when he thinks of it as the result of months and years of patient and
unwearied exertion; if the artist or sculptor has all the greater joy in
contemplating his completed work, by retraversing in thought years of
incessant labor, the line by line, and stroke by stroke, until he worked it
up to the now breathing marble—if the Great God Himself, in resting from the
work of creation, when He contemplated its magnitude, had delight when He
pronounced it "very good"—what must be the transcendent joy with which the
adorable Redeemer beholds the completion of an undertaking which involved in
it so unparalleled a cost of humiliation and pain and woe! What shall be the
delight with which He, the mighty Architect, contemplates the living,
breathing forms of immortal life, which, by His own and His Spirit's work,
were chiseled and fashioned to adorn the Heavenly Temple!
Here was "the joy" we read of "that was set before
Him;"—the joy of seeing "a multitude which no man can number" who had
"washed their robes, and made them white in the blood of the Lamb." If the
courageous mariner has joy, who, at the risk of his life, bravely dashed
into the water, and rescued some struggling castaway from the weltering
waves—if the Patriot-Philanthropist could with joy stand in thought amid the
grateful millions whose fetters he had struck off, and into whose lips he
had put the music of freedom—if the honored minister has joy, who, on his
death-bed, can say, at the retrospect of a lifetime of self-sacrificing
devotedness in his Master's cause, "Blessed be God, my work is done,"—what
shall we say (if we can compare the earthly with the heavenly—the finite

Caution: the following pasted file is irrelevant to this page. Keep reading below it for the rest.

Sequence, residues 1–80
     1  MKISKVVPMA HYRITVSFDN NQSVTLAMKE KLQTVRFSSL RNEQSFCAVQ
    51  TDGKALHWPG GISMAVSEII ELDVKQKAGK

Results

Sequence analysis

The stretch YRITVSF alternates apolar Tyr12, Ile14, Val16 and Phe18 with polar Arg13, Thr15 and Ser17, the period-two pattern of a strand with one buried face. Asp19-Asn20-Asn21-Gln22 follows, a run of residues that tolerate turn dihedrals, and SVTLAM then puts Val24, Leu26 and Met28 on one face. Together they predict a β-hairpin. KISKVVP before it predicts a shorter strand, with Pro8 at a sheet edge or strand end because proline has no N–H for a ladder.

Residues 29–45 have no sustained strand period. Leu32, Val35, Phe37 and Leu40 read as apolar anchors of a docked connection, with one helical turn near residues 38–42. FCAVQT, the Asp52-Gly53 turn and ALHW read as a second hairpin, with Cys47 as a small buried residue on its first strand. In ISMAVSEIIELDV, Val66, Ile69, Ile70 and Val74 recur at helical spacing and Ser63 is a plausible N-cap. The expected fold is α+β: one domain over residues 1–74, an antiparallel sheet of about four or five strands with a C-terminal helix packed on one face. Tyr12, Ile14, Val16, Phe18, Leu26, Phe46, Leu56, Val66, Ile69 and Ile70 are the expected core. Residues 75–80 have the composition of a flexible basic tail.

with the infinite) of that everlasting joy which shall fill the bosom of the
Savior as He sees those once bound with the fetters of sin, struggling in
the waves of despair, now saved with a great salvation, exulting in "the
glorious liberty of the sons of God!"
If He had joy—as we believe He had—when in the depths of
a bypast eternity He said, "Lo, I come," (though in that coming He had all
the appalling prospect of ignominy and shame;)—if "Wisdom" had
"delights with the sons of men and rejoiced in the habitable parts of the
earth," when the solitary treading of the wine-press had yet to be borne; if
He had joy when He stretched forth His hands over His "Church in the
wilderness," and said, "Lo, I am with you always, even unto the end of the
world"—what intenser and holier joy must that be, when, every woe and
pang and sorrow at an end, His people shall be with Him "where He is;"
earth's battle, with its "confused noise and garments rolled in blood,"
terminated; the everlasting triumphal procession of eternity begun—immortal
palm-branches strewed in the way—and the streets of the new Jerusalem
echoing to the cry, "Hosanna to the Son of David"—"Alleluia! for the Lord
God omnipotent reigns!" (Rev. 19:6.)
Behold, then, Heaven as a place where the Savior Himself
shall rejoice over His ransomed ones. They are "glorified together." They
are glorified in Him, and He is glorified in them. "Heaven would not
be enough for Jesus without His people. It seems as if their presence were
essential, not to His deity, (this cannot be,) but to His mediatorial
happiness," (Evans.) The joy in that happy world would seem to begin at the
center, and to be deepest there, but sending out its waves to the
circumference of glory.